JCCT set to present 2022-23 season opener next two weekends

BROWNSTOWN — Ned Newley doesn’t want to be governor.

He’s terrified of public speaking, his poll numbers are in the basement and his ever-supportive chief of staff, Dave Riley, thinks he’s destined to fail in a recall.

Ned was lieutenant governor when a scandal forced the governor to resign, and he now must step into the spotlight.

His first speech as the new governor of a small state was possibly the worst speech in history. It’s then the job of Dave and his pollster, Paige Caldwell, to do damage control, and one of the best political consultants in the country, Arthur Vance, tries to make Ned into a successful politician when nothing could be further from Ned’s wishes.

With a colorful cast of supporting characters, however, the transition of Ned unfolds from an outsider to the face of the state.

Paul Slade Smith’s “The Outsider” is Jackson County Community Theatre’s 2022-23 season opener. The political comedy, being directed by John Boyken, will be presented at 7:30 p.m. Friday and Saturday, 2:30 p.m. Sunday and 7:30 p.m. Sept. 23 and 24 at Royal Off-the-Square Theatre, 121 W. Walnut St., Brownstown.

Bob Clark plays the main role of Ned. Before auditioning for his first JCCT show, he took a 17-year hiatus from being onstage.

“Ned, he’s a lovable guy. He tries hard, but he’s scared of the public, scared of people, and that’s not good for his position,” Clark said. “But his best friend and his crutch is Dave, and he would not be able to do this without him constantly thinking, ‘Where’s Dave?’ He really wants the best for people. His thought about government is that it’s something we do together that no one can do on their own, and that just is the way he wants it to work.”

Smith presents this comedy so it won’t rile up anyone on either side of the blue/red divide.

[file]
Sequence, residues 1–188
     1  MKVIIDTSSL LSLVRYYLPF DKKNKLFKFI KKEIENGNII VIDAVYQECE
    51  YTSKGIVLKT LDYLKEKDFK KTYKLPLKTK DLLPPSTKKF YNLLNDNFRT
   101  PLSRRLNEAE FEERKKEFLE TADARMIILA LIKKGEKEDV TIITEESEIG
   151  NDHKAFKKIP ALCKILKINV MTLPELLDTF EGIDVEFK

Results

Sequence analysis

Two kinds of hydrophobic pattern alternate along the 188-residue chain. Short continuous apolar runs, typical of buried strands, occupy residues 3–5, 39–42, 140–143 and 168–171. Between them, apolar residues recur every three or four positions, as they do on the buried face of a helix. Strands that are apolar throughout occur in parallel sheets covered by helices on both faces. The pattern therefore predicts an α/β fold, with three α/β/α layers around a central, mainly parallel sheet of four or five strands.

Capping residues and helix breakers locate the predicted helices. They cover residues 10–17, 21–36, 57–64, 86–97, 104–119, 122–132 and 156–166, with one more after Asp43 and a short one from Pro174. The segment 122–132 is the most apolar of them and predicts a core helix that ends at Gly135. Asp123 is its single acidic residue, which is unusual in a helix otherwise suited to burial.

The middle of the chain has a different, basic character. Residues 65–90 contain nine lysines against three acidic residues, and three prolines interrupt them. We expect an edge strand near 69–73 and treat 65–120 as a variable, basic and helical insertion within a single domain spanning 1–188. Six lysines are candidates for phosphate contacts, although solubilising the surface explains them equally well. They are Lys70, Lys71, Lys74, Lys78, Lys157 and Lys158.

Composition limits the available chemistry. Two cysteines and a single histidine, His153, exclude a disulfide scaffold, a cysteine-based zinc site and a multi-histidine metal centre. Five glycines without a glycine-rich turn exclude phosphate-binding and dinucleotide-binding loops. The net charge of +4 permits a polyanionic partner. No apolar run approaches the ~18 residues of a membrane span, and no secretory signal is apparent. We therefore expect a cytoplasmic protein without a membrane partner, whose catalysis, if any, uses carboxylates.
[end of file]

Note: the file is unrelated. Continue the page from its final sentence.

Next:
“One of the things that I like best about it is the laughs and everything you need are in the script,” Clark said. “Sometimes, you look at a script and you go, ‘We need some good actors here because the laughs and the moments aren’t in the script,’ but they are on this one. It’s really well written, and I like that. It’s hopeful, and hopefully, we can get some people like Dave and Ned, maybe not Lulu, in government.”

Starting in his new role, Dave is the lone member of Ned’s staff.

“He is just the worst public speaker,” Zach Thompson, who plays the role of Dave, said of Ned. “The former governor was just the mouth. The new governor knows how to do everything, just can’t talk publicly, so everyone thinks he’s just incompetent.”

To get Ned comfortable with everything, Dave brings in some help, starting with former coworker Paige. Arthur then contacts Paige and enters the picture.

“That help turns into trying to make everyone believe that (Ned) is dumb because that’s the whole thing now is that people don’t want somebody that’s a good politician. They want somebody who seems just like them,” Thompson said. “I’m not real thrilled with that idea, but that seems to be the popular one, so I just dragged along for the ride.”

Paige learns from Dave that Ned has been doing all of the work for the previous governor for years.

“(Dave) brought me in because we worked together previously, and he didn’t really like me, but he knows I’m smart,” said Michelle Elkins, who plays the role of Paige. “I come in to try to do the polling and find what the numbers are, where we can improve. Arthur Vance contacts me, and I bring him in to work with Ned, and he’s the one who sets the whole stage for the interviews and campaigns.”